CANADA FX DEBT-Canadian dollar strengthens as greenback broadly pulls back

    * Canadian dollar rises 0.2% against the greenback
    * Canadian retail sales flatlined in December
    * Price of U.S. oil decreases 1.4%
    * Canadian bond yields fall across a flatter yield curve

    By Fergal Smith
    TORONTO, Feb 21 (Reuters) - The Canadian dollar edged higher
against its U.S. counterpart on Friday as the greenback gave
back some recent gains against a basket of other major
currencies and a measure of domestic underlying retail sales
rose in December.
    Canadian retail sales were unchanged in December from
November at C$51.65 billion, undershooting the 0.1% gain that
analysts had expected, data from Statistics Canada showed. But
sales were more robust after excluding motor vehicles and parts
dealers, rising 0.5%.             
    "Retail sales extended the string of disappointing readings
on the Canadian economy, but some of the stripped down measures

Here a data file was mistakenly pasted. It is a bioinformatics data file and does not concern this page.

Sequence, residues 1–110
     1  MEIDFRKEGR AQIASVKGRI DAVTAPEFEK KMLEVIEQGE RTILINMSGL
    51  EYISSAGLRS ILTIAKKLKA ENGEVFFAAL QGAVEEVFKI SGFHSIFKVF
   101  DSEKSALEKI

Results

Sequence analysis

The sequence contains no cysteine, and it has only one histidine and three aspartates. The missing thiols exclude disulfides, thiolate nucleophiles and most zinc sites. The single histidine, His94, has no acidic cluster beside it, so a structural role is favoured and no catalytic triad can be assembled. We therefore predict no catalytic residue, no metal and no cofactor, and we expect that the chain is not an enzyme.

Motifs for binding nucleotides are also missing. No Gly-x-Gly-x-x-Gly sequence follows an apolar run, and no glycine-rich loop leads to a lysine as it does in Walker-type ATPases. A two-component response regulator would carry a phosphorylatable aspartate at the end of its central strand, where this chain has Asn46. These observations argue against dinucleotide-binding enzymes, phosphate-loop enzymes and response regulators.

proved more encouraging than the headline," said Royce Mendes, a
senior economist at CIBC Capital Markets.    
    Last month, the Bank of Canada left the door open to an
interest rate cut should a recent slowdown in domestic growth
persist. Investors see about a 50% chance that the central bank
would ease by April.                       
    At 10:09 a.m. (1509 GMT), the Canadian dollar          was
trading 0.2% higher at 1.3235 to the greenback, or 75.56 U.S.
cents. The currency traded in a range of 1.3233 to 1.3269.
    For the week, the loonie was up 0.1%.
    The U.S. dollar        pulled back from a three-year peak as
traders swooped back into the Japanese currency        after its
worst four-day run in more than two years.             
    Stocks on Wall Street and the price of oil, one of Canada's
major exports, fell as a rise in new cases of coronavirus and
weak Asian data fueled uncertainty about the economic outlook.
U.S. crude oil futures        were down 1.4% at $53.12 a
    Canadian government bond yields were lower across a flatter
yield curve in sympathy with U.S. Treasuries. The 10-year yield
            fell 10.5 basis points to 1.254%, nearly its lowest
since October.

 (Reporting by Fergal Smith; Editing by Steve Orlofsky)

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